Velodyne Acoustics vTrue Review
Super slick exterior, but make sure the fit is how you want it before buying.
They may not be a household name yet, but Velodyne has taken a swing at the fashion headphone market with their vTrue headphones, a set of stainless steel over-ears. While they look incredibly slick, they do have some anomalies in their reproduction of music, but overall they're fine. These are cans for those primarily looking for fashion and durability.
Comfort, Design & Features
Opening the box will call back memories of Han Solo's unfreezing from his carbonite prison in Return of the Jedi, but once freed from their equally form-fitting and shiny plasticine encasing, you find many goodies. Namely, two cables, 1/4th inch adapter, carrying pouch, assorted documentation, and of course, your headphones.
If you're a fan of brushed metal, these headphones will absolutely catch your eye. To their credit, they mix rounded edges and industrial texturing very well, though they are huge. Just keep in mind that if you do buy these, they will absolutely be the prominent feature on your head. With a metal exterior, well-guarded plugs, and removable/replaceable cables, these headphones are certainly durable. We're not going to take an array of punishments to them, but they should survive getting whacked around in a bag or case. Just please don't test this for yourself; they're expensive.
Velodyne made sure that when you put these headphones on your skull that you'd never have to want for more padding. However, you should be aware that these headphones are heavy. Not quite a pound, but enough to make their presence on your head very obvious. Additionally, the fit seems to be a bit difficult, as there's a small gap in front of the ear where the headphones are meant to press against your skull, which can lead to problems if it doesn't seal to your head. Over time, that rather notable heft will start to press that leather-clad band into your skull with increasing annoyance.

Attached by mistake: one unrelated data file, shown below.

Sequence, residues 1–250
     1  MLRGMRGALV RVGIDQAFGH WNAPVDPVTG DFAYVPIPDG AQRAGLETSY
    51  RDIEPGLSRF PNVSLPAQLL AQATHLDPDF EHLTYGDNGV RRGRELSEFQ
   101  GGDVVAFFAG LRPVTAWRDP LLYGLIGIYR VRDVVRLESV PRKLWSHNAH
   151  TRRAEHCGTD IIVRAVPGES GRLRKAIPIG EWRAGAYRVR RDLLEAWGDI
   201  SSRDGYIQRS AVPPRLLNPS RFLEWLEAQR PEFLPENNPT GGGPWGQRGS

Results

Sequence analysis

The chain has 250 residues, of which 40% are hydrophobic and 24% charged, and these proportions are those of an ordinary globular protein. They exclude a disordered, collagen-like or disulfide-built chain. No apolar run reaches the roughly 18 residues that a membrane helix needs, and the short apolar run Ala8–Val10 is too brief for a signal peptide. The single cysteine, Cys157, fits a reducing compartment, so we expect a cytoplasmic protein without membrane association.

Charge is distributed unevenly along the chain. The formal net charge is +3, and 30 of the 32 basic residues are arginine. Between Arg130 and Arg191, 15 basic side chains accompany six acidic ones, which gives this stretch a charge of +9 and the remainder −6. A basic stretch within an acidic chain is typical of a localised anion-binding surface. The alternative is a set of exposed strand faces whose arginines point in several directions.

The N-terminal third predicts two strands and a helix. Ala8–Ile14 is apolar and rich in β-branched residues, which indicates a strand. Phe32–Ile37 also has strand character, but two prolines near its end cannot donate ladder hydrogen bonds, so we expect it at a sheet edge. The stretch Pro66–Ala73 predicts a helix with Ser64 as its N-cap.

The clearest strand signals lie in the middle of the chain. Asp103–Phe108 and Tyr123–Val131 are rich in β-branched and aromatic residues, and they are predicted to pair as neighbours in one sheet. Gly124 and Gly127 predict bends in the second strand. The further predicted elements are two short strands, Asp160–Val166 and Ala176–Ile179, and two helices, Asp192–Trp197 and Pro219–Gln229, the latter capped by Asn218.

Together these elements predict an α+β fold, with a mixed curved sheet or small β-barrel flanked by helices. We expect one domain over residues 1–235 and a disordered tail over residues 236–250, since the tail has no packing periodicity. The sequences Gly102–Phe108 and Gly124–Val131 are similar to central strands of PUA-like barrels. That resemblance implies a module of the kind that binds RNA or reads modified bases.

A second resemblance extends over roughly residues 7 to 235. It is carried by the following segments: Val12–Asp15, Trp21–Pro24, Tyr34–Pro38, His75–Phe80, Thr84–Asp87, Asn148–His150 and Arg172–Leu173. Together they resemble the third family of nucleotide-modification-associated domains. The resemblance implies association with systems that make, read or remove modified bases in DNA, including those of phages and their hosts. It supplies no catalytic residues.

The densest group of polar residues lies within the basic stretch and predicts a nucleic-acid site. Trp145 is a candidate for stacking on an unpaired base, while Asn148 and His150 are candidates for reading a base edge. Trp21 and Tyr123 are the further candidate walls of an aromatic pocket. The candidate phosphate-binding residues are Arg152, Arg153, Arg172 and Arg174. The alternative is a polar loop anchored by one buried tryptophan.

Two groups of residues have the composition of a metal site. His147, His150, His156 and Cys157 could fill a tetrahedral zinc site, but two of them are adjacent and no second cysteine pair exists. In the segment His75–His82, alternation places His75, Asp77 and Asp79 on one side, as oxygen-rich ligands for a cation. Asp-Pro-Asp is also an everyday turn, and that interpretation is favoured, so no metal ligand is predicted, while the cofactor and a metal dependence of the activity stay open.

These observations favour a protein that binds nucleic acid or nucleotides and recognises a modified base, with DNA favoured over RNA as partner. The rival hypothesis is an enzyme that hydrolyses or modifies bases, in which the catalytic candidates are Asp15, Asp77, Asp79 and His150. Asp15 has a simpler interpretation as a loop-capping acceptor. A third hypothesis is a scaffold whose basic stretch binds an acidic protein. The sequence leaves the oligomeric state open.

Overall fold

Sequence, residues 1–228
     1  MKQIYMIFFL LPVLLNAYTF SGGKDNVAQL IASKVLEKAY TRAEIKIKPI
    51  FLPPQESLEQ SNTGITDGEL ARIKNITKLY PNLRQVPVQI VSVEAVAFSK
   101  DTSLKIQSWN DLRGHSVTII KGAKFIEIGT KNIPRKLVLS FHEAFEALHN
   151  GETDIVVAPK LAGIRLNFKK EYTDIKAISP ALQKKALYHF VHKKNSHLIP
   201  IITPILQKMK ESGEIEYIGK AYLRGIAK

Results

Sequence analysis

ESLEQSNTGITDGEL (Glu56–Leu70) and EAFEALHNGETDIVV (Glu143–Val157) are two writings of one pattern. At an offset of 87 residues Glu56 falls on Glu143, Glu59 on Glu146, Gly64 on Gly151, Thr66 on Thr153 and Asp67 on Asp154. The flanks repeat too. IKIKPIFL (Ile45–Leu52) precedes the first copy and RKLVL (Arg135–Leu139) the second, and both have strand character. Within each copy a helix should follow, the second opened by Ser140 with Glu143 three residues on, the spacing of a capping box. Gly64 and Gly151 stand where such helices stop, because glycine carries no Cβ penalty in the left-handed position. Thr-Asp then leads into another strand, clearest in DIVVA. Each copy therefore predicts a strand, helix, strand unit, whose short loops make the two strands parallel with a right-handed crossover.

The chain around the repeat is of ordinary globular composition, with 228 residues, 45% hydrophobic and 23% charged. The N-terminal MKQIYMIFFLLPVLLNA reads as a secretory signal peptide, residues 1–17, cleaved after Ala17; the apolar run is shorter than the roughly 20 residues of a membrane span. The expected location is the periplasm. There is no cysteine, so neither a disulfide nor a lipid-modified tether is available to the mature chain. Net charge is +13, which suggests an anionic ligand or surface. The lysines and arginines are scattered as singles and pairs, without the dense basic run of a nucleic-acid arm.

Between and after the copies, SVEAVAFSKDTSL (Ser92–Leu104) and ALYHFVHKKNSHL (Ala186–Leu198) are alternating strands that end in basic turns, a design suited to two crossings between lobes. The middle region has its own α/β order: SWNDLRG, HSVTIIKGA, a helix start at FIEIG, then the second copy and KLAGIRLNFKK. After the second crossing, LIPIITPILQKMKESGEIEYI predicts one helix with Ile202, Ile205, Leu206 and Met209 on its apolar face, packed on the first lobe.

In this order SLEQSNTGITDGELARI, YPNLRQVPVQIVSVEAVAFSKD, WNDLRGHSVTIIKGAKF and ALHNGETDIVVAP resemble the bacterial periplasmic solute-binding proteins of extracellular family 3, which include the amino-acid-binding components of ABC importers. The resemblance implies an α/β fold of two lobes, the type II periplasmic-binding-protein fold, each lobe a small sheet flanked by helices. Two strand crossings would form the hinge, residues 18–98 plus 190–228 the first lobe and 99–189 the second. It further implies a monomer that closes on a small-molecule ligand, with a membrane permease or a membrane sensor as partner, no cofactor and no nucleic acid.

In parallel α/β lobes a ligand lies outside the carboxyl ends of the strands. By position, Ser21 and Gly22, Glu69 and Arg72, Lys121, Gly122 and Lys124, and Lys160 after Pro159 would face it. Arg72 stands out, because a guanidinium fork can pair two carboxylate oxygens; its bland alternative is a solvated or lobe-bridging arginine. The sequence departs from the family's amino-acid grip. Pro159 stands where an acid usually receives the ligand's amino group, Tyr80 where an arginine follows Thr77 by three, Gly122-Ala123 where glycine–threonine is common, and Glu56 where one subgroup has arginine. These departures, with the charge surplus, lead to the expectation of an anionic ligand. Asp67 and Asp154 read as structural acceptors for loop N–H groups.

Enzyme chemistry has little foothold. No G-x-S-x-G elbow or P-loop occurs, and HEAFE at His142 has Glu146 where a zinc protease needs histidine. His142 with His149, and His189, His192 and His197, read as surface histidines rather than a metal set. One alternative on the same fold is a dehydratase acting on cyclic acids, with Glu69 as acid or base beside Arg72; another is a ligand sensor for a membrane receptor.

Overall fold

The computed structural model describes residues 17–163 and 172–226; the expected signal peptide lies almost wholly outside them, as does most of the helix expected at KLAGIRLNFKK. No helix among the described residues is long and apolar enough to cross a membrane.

All things considered, these headphones really are not all that bad from an audio quality standpoint. However, their pricetag might be a bit mismatched with what quality you can expect. In particular, the issue with getting a good seal between the headphones and your skull will define how well these headphones perform for you, and if your head isn't shaped the correct way, your mileage will vary.
Regardless, high-frequency notes will sound down to half as loud as the rest of your music. So, you can expect the high notes of a piano, harp, and piccolo to sound much quieter than they would on a set of studio headphones. Anything lower than that will be fine, though there is a reasonable bit of bass emphasis.
Even if the power sum of the distortion is a little on the high side, it’s nowhere near where it would become annoying or even audible, so you should have no extra unwanted bits added to your music. There's a tiny bit of distortion in the lowest notes, but it's very tough to hear as a human.
If the last five years have proven anything, it’s that high-fashion headphones makes headlines, and price isn’t always the main concern. With the ubiquity of designs like that of the Beats and Apple products, consumers looking for an alternative aesthetic are starting to see more options come their way, and that’s where the Velodyne vTrues come in. With a sleek, brushed-metal exterior, you’re certain to turn some heads with these cans.
At the end of the day, these are most suited to someone who places fashion and durability above all other concerns. The audio certainly leaves a bit to be desired, but it's not bad. The difficulty in getting a good seal can be frustrating, as well, and the comfort of the fit may or may not be what you're looking for.
That being said, everyone’s ears and heads are different, so if you do have the opportunity— try these on before buying. Couldn’t hurt, anyways: when the most important issues arise from the fit, it's the smart thing to do to make sure you won't suffer from them. If you’ve read the review and are fine with taking the plunge, definitely consider the Velodyne vTrue.
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